So I’m reading this post about finding lost things and agreeing with it up until the very last few lines. Robin says this:
I bypassed the coat pocket, the kids, even the refrigerator, and came straight to my blog.
It’s the last place I remembered seeing what I thought I’d lost: my voice.
This is true for me too. I first found it a long time ago, on a private page of an unfinished story, but it was here that your encouragement and engagement helped me really sit down and become at home with who and what I am. How I see the world and how I say things.
The only thing that didn’t resonate for me personally in what Robin said was the “500 words a day” challenge from Jeff Goins. Not that it’s wrong. Writing is learning to do by doing, so there’s some sense in which it can’t be avoided or dismissed.
But my partner has this other view, and it’s also very true: It’s better to write six good words, or zero, than 500 empty ones. He’s not talking about the voice or the style, but the heart. The depth of meaning.
Voice and heart are intimately related, but not quite the same thing. I can voice all day long without really getting into the heart of things. And I’ve seen some people, in trying to be literary and experimental, advocate this. Words for their own sake, without storyline or arc, prose for the love of prose.
I guess as a writer that might be fun, and it’s valid as a personal exercise (name me something that isn’t). But as a reader, I don’t know how I’d keep from dying of boredom. Why should I care how someone strings words together, unless there’s some underlying reason to? The world is full of words.
Granted, nothing gets written without stringing it together word by word. But motion and motivation are inextricably linked. I’ve seen strong essayists fail to create a full work because they’re willing to be carried along by the stream rather than dipping the paddle into it with intention. It’s something I struggle with myself.
Writing words only for the sake of their own sound is, I believe, a bit of a dodge.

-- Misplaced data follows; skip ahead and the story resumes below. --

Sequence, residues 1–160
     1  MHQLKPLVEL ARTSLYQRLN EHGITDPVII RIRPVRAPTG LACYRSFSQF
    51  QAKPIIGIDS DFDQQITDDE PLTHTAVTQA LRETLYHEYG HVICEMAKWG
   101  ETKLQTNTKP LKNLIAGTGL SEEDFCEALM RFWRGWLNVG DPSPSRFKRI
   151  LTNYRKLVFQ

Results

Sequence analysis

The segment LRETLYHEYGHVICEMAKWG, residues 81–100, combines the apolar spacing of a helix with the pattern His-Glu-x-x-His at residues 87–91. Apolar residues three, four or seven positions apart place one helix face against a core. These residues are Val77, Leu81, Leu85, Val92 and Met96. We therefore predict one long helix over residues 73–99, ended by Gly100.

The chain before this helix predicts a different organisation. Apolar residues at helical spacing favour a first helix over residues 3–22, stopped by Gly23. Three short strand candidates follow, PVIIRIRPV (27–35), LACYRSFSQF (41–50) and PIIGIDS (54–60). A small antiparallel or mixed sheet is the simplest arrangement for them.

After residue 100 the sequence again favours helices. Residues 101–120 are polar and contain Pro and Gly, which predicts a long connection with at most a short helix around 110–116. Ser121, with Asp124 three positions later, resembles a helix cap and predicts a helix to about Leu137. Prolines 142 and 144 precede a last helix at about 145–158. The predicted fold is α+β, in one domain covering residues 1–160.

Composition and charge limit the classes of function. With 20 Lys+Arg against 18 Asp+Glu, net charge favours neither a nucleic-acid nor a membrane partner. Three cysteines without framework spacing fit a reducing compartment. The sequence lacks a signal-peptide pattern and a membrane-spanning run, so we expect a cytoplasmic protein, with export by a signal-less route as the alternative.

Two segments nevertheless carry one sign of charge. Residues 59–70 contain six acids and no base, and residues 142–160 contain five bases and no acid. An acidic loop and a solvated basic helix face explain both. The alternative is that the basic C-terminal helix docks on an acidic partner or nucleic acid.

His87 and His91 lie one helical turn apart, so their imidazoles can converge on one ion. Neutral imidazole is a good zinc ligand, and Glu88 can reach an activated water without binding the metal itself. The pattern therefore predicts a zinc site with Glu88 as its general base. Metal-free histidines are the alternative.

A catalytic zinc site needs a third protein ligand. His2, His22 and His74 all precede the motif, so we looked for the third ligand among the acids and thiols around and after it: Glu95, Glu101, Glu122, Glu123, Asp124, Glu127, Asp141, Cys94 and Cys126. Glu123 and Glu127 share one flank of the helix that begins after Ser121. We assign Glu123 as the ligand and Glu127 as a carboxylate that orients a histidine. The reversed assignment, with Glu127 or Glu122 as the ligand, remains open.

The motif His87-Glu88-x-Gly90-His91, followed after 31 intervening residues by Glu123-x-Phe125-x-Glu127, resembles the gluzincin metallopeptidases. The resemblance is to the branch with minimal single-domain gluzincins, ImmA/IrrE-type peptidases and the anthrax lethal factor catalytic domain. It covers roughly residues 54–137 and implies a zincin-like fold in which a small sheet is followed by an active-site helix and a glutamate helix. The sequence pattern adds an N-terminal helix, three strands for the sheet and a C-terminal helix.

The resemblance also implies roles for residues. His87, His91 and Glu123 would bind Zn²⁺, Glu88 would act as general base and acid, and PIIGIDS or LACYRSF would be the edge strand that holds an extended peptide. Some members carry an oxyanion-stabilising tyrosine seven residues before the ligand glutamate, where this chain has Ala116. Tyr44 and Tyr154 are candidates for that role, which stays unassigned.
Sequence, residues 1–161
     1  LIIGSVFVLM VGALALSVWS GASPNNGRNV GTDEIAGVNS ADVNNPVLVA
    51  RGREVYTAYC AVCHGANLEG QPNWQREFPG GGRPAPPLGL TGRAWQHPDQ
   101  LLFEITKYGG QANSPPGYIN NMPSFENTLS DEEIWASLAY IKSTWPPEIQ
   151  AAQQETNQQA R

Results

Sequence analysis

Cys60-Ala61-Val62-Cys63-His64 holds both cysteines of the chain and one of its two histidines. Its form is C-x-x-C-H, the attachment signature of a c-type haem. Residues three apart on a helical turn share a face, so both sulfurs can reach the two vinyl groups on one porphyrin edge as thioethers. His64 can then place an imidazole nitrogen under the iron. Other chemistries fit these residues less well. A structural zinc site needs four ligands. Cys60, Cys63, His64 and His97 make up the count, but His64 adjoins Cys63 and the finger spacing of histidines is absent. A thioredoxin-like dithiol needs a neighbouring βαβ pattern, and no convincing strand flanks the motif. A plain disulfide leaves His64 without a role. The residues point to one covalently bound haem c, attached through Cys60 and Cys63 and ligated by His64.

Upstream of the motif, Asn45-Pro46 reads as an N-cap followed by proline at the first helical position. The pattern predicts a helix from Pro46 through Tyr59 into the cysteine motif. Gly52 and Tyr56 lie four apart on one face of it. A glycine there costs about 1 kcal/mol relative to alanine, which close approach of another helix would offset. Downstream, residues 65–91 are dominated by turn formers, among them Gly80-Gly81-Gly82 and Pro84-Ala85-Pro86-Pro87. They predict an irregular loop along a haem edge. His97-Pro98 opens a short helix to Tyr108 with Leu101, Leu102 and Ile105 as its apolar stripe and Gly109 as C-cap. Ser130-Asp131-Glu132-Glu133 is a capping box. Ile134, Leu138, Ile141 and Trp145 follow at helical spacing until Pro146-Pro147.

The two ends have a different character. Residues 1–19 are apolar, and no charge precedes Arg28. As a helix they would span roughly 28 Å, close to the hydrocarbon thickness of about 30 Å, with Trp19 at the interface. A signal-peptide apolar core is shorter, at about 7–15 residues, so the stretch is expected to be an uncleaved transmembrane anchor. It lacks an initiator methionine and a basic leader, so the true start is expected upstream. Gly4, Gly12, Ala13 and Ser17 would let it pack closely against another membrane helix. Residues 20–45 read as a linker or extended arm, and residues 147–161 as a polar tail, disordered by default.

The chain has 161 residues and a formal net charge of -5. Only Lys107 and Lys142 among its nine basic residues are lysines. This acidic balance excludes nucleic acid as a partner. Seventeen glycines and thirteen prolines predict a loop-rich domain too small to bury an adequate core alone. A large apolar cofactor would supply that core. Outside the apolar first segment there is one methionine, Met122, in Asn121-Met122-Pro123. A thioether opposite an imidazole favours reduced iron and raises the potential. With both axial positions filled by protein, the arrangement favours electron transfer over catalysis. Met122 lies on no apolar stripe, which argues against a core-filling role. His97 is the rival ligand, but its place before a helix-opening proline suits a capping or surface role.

My lesson for 2014 is that it’s too easy for me to skate by on pretty words that, in the end, ring false. Because I can write any 500 words, any day, while keeping my heart guarded. It’s something I’ve spent a decade training myself to do: Let the words run, and the heart will open. All deadlines can be met, regardless of how one “feels about writing” right then.
That, too, is true; but intermittent gushes and spurts do not a river make.
In December, I hired a dear writer friend, someone who’s a much more accomplished writer and editor than myself, to teach me the next steps I needed to take in order to get my novelist feet under me at a commercial level. My final application of her advice amounted to this (my words, not hers, which are unfailingly supportive):
The heart is missing. And so the flow goes awry. Things don’t hang together. Scene arcs struggle. The bigger picture is muddy. The line by line progression is compromised.
Is it horrible? No. It’s half-decent enough that no one else has been able to put a finger on the pulse of exactly how to make it resonate. Only that it’s not clicking over.
In my instinctive defense of my own most private fears and feelings, I’ve barricaded my main character behind a wall. There was not a single technical aspect to the editorial evaluation that I haven’t got some knowledge of, that I haven’t taught to others successfully, even to the point of helping them earn quite reputable traditional contracts. Technical knowledge — not the problem.
Would it help me to blog 500 words a day all month?
Sometimes it’s possible to write a hundred thousand empty words in all kinds of beautiful voice.
Maybe I’m a coward. Maybe I’m a poser and I’m fooling myself when I say I want to do this writing thing. Maybe I only want to do it because writing things down is a way of avoiding them instead of standing up and facing them.
Maybe writing isn’t so much my way of sorting out life as trying to bury it. And if I don’t want to give my heart away, then writing isn’t the honest way to live. The honest thing is to say, I don’t want to give my heart away and so I won’t.
I don’t know right now. But it doesn’t work to keep drifting. I’ll have to decide what I want, and — with storytelling or without it — leave the prosaic behind.
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